Clarke and Proctor (1999) highlight findings from their own study in which health care staff discussed their practice development activities and described ‘the stultifying effect of feeling obliged to wait for an evidence base before progressing practice, despite ‘knowing’ that something needs to be done’. This can be overcome if practice development is taken out of the traditional research framework and more closely linked to a practitioner-research model.

 

 

In addition, total commitment by staff to change is vital. In the examples set out below, practitioners are central to the development of their practice, although it is facilitated by external agents. McCormack et al (1999) emphasise that any change or development in the practice setting needs to be underpinned by strategic planning.

 

 

Action learning
McGill and Brockbank (2004) describe action learning as ‘a continuous process of learning and reflection that happens with the support of a group or ‘set’ of colleagues, with the intention of getting things done’.

 

 

The use of action learning groups is seen as the best way of embedding learning in practice development activities. Participants can learn through reflection between each meeting and use the groups to discuss their learning, develop their skills and initiate change in the workplace and in their own practice.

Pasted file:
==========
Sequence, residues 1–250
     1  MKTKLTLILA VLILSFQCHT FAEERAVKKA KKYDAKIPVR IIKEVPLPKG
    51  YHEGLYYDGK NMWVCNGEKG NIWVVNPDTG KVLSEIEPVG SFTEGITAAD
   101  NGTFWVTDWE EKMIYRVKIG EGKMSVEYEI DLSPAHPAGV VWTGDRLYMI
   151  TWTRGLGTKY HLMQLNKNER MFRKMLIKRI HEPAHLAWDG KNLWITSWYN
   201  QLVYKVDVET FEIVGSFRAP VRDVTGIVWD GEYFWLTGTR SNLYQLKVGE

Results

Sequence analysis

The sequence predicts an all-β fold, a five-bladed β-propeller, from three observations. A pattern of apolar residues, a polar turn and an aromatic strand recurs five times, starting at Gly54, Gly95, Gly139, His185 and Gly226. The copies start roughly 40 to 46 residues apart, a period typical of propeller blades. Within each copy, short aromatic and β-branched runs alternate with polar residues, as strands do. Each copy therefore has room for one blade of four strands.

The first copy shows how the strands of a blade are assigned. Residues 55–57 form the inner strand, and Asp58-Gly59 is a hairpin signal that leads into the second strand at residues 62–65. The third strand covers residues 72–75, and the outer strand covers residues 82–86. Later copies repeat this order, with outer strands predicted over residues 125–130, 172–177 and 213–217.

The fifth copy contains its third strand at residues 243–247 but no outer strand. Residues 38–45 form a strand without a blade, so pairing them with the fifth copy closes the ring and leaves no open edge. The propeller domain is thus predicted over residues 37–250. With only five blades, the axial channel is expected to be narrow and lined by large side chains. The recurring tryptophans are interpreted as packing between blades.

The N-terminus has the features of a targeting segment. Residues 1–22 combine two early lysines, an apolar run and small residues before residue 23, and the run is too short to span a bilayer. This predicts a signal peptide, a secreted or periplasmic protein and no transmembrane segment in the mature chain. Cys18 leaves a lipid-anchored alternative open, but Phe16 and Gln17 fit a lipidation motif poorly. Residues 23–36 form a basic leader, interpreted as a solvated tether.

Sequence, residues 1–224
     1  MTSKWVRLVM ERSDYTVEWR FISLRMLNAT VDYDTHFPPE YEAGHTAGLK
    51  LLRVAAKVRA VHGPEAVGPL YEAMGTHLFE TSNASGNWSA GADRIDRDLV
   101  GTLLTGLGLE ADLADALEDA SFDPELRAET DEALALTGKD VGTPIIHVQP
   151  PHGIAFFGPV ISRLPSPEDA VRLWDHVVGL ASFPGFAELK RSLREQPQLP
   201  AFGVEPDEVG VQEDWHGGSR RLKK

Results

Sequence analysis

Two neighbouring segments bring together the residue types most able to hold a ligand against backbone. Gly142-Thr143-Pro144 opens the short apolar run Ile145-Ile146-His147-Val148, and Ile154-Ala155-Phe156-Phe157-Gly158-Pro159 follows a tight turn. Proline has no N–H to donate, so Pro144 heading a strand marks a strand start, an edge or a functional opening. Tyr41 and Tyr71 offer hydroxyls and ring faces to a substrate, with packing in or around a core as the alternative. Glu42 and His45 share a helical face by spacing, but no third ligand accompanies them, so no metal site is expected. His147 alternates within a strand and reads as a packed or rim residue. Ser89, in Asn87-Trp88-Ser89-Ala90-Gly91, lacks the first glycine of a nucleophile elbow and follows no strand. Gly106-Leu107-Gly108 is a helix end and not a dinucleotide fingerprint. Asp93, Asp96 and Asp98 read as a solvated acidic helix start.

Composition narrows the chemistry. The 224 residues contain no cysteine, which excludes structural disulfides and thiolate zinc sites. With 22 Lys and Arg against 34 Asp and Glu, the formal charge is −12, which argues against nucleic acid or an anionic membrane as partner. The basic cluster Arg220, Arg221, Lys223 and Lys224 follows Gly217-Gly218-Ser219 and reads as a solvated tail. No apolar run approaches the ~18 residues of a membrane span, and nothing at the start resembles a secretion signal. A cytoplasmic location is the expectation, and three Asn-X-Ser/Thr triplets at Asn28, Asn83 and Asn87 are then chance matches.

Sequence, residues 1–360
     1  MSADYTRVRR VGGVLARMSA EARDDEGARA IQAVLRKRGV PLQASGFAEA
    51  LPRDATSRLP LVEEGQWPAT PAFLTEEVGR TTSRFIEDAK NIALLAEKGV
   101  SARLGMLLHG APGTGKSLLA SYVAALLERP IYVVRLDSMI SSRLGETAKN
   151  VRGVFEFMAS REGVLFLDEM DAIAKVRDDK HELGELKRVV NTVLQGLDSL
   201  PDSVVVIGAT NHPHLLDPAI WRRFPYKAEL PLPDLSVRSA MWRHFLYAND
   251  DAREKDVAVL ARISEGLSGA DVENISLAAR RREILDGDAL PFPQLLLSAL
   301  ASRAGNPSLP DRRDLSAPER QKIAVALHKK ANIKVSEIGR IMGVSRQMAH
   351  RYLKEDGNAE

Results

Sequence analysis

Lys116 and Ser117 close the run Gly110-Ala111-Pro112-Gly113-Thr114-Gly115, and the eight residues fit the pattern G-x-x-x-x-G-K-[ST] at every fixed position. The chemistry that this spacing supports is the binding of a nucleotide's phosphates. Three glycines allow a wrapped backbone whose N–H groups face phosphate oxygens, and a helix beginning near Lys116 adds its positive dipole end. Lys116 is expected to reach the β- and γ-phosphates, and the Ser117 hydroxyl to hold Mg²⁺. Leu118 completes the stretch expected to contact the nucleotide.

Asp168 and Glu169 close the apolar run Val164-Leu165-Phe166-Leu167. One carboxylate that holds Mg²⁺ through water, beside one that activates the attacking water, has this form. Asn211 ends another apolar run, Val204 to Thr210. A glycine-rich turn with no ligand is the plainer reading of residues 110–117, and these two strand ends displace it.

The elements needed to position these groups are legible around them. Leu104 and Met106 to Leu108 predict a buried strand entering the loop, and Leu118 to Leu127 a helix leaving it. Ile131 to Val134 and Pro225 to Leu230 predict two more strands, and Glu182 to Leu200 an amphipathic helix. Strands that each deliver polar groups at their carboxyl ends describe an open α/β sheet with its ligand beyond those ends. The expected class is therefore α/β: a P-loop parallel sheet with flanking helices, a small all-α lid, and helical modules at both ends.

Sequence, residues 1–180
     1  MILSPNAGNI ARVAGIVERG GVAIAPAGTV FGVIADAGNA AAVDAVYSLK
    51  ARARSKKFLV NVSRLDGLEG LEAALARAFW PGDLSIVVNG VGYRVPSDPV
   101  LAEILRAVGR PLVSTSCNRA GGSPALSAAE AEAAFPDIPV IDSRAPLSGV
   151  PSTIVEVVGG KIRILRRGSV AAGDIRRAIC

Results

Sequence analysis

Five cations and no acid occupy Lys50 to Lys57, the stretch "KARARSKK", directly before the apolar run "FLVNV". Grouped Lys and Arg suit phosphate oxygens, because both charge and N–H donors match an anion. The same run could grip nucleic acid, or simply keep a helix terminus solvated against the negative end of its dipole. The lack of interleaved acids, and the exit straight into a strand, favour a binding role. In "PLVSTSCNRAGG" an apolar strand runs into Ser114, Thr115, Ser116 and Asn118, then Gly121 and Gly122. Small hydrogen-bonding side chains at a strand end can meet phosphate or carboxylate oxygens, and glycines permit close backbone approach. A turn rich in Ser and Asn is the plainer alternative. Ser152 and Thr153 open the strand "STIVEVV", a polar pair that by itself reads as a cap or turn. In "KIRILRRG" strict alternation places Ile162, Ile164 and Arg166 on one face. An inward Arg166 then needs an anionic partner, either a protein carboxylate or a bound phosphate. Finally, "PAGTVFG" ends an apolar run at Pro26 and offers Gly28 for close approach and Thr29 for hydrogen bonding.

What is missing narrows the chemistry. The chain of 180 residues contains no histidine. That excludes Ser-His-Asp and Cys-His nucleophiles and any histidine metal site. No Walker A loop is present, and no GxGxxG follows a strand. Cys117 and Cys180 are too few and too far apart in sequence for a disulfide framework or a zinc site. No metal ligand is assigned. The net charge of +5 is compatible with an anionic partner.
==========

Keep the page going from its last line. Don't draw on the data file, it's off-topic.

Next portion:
Examples of practice development
Clinical supervision

 

 

In response to the findings from the UKCC study (UKCC and University of Central Lancashire, 1999) and from the Future Organisation of Prison Health Care (HM Prison Service and NHS Executive, 1999), the development of clinical supervision in prison health care settings was undertaken using a three-phase reflexive action research methodology. The initial phase involved evaluation of training, the second was the national implementation of the training and the third saw development of clinical supervision through regional action learning sets.

 

 

The aim of the initial phase of the project was to develop models of supervision appropriate to the needs of prison service health care staff. This involved three cohorts of prison health care staff (35 in total) from five prisons who undertook training in clinical supervision. This included reflective practice, models and modes of supervision, key supervisory skills, and issues of accountability and responsibility.